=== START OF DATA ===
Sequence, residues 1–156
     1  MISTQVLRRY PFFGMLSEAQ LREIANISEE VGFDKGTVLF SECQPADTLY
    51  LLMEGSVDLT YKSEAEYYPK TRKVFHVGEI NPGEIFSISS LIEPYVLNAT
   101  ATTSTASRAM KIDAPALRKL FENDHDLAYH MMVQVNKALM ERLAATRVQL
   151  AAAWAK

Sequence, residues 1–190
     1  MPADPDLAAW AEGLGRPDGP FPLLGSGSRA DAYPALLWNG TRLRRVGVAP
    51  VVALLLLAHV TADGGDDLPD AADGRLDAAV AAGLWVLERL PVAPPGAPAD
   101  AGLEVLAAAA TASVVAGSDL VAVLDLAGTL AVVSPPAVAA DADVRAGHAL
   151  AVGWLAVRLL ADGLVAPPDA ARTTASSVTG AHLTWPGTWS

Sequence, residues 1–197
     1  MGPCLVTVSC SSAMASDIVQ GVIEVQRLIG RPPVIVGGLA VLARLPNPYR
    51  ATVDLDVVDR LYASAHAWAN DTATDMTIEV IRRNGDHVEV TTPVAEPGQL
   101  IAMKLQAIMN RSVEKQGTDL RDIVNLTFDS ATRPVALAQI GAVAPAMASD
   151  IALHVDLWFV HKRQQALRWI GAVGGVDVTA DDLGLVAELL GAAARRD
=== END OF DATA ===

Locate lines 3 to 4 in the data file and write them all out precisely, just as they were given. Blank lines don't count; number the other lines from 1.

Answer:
    51  LLMEGSVDLT YKSEAEYYPK TRKVFHVGEI NPGEIFSISS LIEPYVLNAT
   101  ATTSTASRAM KIDAPALRKL FENDHDLAYH MMVQVNKALM ERLAATRVQL